This new equation might finally unite the two biggest theories in physics, claims physicist
Linking general relativity and quantum mechanics with wormholes.
One of the most stubborn problems in physics today is the fact that our two best theories to explain the Universe – general relativity and quantum mechanics – function perfectly well on their own, but as soon as you try to combine them, the maths just doesn’t work out.
But a Stanford theoretical physicist has just come up with a new equation that suggests the key to finally connecting the two could be found in bizarre spacetime tunnels called wormholes.
As far as we know, there are four fundamental forces that hold our Universe together – gravity, electromagnetism, and the strong and weak nuclear forces.
But, in April last year, physicists in Hungary saw evidence of a possible fifth force of nature, one that could potentially explain some of the lingering mysteries in our Universe, such as dark matter.
Physicists at Oak Ridge National Laboratory in Tennessee and the University of Cambridge have together discovered a new state of matter. The groundbreaking findings, reported in the journal Nature, detail the observations of the long-theorized but ever-elusive state known as “quantum spin liquid” – in which electrons seemingly break into smaller pieces.
“This is a new quantum state of matter, which has been predicted but hasn’t been seen before,” said Johannes Knolle, a scientist at Cambridge’s Cavendish Laboratory and one of the paper’s coauthors, in a news release.
LIGO Detected Gravitational Waves from Black Holes
On September 14, 2015 at 5:51 a.m. Eastern Daylight Time (09:51 UTC), the twin Laser Interferometer Gravitational-wave Observatory (LIGO) detectors, located in Livingston, Louisiana, and Hanford, Washington, USA both measured ripples in the fabric of spacetime – gravitational waves – arriving at the Earth from a cataclysmic event in the distant universe. The new Advanced LIGO detectors had just been brought into operation for their first observing run when the very clear and strong signal was captured.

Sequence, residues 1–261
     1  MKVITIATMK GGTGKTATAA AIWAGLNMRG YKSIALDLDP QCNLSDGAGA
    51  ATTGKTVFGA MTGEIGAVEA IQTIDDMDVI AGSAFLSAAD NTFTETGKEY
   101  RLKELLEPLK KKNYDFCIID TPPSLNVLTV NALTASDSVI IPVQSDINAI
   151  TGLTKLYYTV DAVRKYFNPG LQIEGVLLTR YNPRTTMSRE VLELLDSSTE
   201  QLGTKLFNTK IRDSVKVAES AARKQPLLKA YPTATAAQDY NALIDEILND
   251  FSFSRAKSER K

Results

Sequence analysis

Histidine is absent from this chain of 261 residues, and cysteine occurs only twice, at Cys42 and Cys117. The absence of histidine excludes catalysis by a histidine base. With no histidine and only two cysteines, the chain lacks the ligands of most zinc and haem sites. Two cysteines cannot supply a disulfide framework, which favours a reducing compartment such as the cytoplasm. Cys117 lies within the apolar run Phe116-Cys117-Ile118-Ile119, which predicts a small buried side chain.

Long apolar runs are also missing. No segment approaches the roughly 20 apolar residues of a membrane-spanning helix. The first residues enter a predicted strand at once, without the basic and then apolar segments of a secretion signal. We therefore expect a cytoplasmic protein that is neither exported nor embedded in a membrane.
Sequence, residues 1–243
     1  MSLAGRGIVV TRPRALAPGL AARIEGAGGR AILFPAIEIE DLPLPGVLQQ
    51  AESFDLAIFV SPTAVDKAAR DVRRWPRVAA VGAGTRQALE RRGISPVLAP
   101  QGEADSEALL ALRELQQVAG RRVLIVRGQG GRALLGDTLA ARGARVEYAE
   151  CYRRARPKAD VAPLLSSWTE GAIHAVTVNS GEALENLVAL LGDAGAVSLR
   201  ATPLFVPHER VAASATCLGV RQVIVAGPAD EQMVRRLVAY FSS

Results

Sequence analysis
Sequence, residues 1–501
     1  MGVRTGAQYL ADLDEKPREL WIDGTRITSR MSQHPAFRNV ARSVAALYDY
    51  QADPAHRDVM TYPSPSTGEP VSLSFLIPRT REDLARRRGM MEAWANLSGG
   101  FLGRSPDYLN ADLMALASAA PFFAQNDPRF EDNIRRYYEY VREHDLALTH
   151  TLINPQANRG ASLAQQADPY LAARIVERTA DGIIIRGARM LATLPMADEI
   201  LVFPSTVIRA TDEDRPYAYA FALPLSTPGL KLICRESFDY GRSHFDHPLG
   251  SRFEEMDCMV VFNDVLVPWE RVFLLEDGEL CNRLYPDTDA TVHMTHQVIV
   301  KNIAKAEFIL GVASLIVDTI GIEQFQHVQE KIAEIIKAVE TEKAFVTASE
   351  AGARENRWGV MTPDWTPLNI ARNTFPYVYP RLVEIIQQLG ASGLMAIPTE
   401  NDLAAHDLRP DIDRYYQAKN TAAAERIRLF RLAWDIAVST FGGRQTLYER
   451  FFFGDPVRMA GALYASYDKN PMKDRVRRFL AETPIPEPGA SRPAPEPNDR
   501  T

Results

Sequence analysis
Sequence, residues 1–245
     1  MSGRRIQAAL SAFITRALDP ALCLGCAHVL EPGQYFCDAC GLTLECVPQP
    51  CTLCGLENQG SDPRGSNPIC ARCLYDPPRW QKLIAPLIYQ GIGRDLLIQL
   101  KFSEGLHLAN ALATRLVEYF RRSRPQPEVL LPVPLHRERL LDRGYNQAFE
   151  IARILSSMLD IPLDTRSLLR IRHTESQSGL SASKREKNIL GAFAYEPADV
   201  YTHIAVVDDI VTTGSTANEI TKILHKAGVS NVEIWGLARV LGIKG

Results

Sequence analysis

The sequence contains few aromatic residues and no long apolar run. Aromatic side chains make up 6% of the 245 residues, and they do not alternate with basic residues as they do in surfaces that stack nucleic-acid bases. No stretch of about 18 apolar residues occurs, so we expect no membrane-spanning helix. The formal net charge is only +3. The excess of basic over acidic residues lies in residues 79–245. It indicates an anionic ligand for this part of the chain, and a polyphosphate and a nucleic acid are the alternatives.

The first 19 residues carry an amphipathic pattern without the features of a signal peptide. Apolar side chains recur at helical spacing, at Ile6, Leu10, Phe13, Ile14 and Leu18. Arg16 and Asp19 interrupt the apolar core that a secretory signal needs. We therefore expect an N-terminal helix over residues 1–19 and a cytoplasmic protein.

On Thursday (Feb. 11) at 10:30 a.m. ET, the National Science Foundation will gather scientists from Caltech, MIT and the LIGO Scientific Collaboration in Washington D.C. to update the scientific community on the efforts being made by the Laser Interferometer Gravitational-wave Observatory (LIGO) to detect gravitational waves.
In the wake of some very specific rumors focused on the possible discovery of these elusive ripples in spacetime, hopes are high that the international LIGO collaboration of scientists will finally put an end to the fevered speculation and announce the discovery of gravitational waves.
If life is effectively an endless series of photocopies, as DNA is transcribed and passed on from one being to the next, then evolution is the high-stakes game of waiting for the copier to get it wrong.
Too wrong, and you’ll live burdened by a maladaptive mutation or genetic disorder. Worse, you might never live at all.
But if the flaw is wrong in exactly the right way, the incredible can happen: disease resistance, sharper eyesight, swifter feet, big brains, better beaks for Darwin’s finches.
Earth’s magnetic field is our great protector, shielding us from dangerous incoming solar radiation that would otherwise make life on Earth almost impossible. However, the strength of the field has changed through geological time, with the poles of the planet’s magnet switching dramatically at somewhat random intervals – roughly between 200,000 and 5 million years. Although the field strength has been dropping for the past two centuries, a new study, published in the Proceedings of the National Academy of Sciences, suggests it is not in danger of flipping any time soon.
Our planet’s magnetic field appears to be quite chaotic: It undergoes not only reversals, but also excursions wherein the poles “wander,” changing their coordinates on the surface of the planet rapidly with respect to geological time, before suddenly switching back to “normal.” Although the most recent reversal occurred 780,000 years ago, the poles temporarily flipped during an excursion in the middle of the last ice age 41,000 years ago.
Beakus were commissioned to create three animated films that explain key concepts about our universe, with humour helping to explain the ‘almost’ unexplainable! Director Amaël Isnard also designed the films.
In ‘What’s Inside A Black Hole?’ ROG astronomer Rad explains where black holes come from, how we know they’re there and the strange effects they have on surrounding matter. We also find out what would happen if ROG astronomer Liz approached one!
At roughly 13.8 billion years old, the Universe might seem like it’s been around for a long time, but a new study suggests that Earth is one of the first habitable planets to form – and we’re probably too early to the party to get a chance to meet future alien civilisations.
The research looked at data from the Hubble and Kepler space telescopes, and predicted that 92 percent of the Universe’s habitable planets have yet to be born. And most won’t form until after our Sun burns out in 6 billion years’ time.